It is all over the news, and the news across the world, the Great Barrier Reef is bleaching – again. Children can’t sleep at night: it is not only the war in the Ukraine, but also our apparent disregard for nature that is keeping them awake.
I went to the very epicentre of the claimed latest severe mass coral bleaching on 10th April 2022, and I found a coral wonderland.
There was some bleaching, especially around the perimeter of John Brewer Reef – on the sandy sea floor where the Australian Institute of Marine Science (AIMS) surveys and concludes coral cover is never more than 30% – but most of John Brewer Reef is still covered in more than 80% colourful corals. This high percentage is denied by AIMS because they never survey the reef crest.
At John Brewer Reef just yesterday, I swam over the top – over the reef crest – and I also swam along the walls that drop down to the sandy sea floor.
I will show you some of the snap shots that I took with my Olympus TG6, no lights. I also swam around the sandy perimeter, and I will show you these photographs in my next blog post – that will be Part 2 of this series. In Part 3 and 4 I plan to show you video of transects that will be swam later in the week when I return to John Brewer Reef with one of Australia’s best underwater cinematographers.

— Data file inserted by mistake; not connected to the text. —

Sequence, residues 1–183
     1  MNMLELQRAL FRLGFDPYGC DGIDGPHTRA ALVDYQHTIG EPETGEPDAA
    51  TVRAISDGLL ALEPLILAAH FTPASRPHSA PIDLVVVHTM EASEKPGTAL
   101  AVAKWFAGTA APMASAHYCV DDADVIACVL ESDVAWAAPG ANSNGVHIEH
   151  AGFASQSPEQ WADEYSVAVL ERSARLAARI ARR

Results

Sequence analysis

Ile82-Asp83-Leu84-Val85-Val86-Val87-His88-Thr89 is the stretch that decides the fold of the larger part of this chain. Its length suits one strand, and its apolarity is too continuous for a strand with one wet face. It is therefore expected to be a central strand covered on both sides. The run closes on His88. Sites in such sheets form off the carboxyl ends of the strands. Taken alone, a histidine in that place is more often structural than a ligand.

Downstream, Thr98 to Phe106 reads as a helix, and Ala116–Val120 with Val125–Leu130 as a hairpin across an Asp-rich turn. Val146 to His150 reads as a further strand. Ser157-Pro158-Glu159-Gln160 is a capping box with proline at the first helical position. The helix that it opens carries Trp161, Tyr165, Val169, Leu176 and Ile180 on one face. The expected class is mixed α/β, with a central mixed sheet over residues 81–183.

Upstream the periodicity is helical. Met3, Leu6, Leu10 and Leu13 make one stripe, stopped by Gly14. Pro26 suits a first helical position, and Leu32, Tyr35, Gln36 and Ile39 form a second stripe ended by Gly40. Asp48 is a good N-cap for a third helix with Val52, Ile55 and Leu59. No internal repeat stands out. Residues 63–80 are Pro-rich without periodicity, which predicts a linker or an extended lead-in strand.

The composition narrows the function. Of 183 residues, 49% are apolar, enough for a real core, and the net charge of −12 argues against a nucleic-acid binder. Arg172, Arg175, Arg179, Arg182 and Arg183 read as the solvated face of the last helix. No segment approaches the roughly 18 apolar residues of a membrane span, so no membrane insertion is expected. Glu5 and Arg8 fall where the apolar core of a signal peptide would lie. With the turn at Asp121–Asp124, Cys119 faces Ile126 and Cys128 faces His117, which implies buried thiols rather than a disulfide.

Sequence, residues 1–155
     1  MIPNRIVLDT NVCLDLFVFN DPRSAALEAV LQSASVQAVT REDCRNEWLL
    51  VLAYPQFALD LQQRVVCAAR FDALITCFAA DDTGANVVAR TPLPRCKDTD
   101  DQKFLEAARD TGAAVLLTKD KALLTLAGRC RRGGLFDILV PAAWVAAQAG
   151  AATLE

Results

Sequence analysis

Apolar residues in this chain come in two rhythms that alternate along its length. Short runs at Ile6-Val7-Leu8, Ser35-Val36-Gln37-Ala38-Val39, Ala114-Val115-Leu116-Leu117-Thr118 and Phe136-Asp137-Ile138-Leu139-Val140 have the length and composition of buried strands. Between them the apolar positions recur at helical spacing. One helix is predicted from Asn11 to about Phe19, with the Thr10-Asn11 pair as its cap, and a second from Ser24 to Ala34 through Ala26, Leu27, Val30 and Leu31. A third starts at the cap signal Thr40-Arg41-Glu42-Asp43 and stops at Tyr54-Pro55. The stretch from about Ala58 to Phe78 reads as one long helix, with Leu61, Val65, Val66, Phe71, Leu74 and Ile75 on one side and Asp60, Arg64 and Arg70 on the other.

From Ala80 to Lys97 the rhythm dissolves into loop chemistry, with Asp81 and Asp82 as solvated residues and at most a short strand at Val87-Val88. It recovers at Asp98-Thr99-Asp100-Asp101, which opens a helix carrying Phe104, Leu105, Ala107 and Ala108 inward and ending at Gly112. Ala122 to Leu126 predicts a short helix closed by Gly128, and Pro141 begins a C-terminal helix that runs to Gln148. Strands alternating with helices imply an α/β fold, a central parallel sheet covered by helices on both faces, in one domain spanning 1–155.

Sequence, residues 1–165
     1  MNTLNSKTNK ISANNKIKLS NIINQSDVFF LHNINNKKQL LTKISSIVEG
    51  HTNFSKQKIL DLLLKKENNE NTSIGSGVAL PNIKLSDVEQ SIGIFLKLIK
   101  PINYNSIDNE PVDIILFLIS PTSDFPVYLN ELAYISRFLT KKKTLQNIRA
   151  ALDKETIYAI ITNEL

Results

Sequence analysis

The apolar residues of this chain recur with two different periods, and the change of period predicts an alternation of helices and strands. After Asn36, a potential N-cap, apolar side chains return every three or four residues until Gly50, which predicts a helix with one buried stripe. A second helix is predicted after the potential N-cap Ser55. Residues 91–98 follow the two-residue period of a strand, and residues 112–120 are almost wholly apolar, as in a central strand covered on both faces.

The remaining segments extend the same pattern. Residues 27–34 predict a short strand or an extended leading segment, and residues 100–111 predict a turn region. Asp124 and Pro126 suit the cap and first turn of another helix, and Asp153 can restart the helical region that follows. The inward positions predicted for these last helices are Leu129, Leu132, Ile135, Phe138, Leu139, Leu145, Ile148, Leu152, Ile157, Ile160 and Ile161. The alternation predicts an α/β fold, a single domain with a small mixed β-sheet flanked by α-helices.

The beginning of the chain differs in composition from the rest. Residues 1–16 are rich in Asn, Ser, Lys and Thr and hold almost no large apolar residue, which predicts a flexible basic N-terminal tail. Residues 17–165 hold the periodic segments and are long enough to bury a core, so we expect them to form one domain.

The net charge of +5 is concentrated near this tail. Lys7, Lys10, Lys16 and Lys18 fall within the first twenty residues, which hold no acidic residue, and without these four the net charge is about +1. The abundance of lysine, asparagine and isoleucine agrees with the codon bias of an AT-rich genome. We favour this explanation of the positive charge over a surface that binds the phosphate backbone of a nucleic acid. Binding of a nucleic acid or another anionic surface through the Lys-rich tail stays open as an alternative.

John Brewer Reef is 70 kms (38 nautical miles) east of Townsville, part of the central region of the Great Barrier Reef. Rising from the sandy sea floor are two huge flat-topped blocks of consolidated limestone that represent layer upon layer of dead coral (that you can’t see) with a topping (that you can see) of colourful plates and so many tiny fish. Running between these two reefs is a deep canyon with walls of more coral and more fish.
While most of the corals at the reef crest were healthy, there were some corals that were bleaching white and others were bleaching colourful.
The pink to purple coloration in some of the corals at the reef crest is not from zooxanthellae, which are the symbiotic algae, but rather from increased pigment accumulation from the coral itself as the zooxanthellae are expelled. Zooxanthellae are expelled when the coral becomes stressed from water that is a bit too hot or a bit too cold. These colourful corals are often described as fluorescing.
The photograph at the very top of this blog post was taken just yesterday (10th April 2022) while I (Jennifer Marohasy) swam over the top of John Brewer Reef. The coral in the foreground is not bleached, but rather naturally beige-coloured and with naturally white tips. The very pink coral in the centre of the photograph is bleaching colourful. The pink to purple coloration in some of the corals at the reef crest is not from zooxanthellae, which are symbiotic algae, but rather from increased pigment accumulation from the host tissue/the coral itself as the zooxanthellae are expelled.
via Jennifer Marohasy
April 11, 2022 at 01:14AM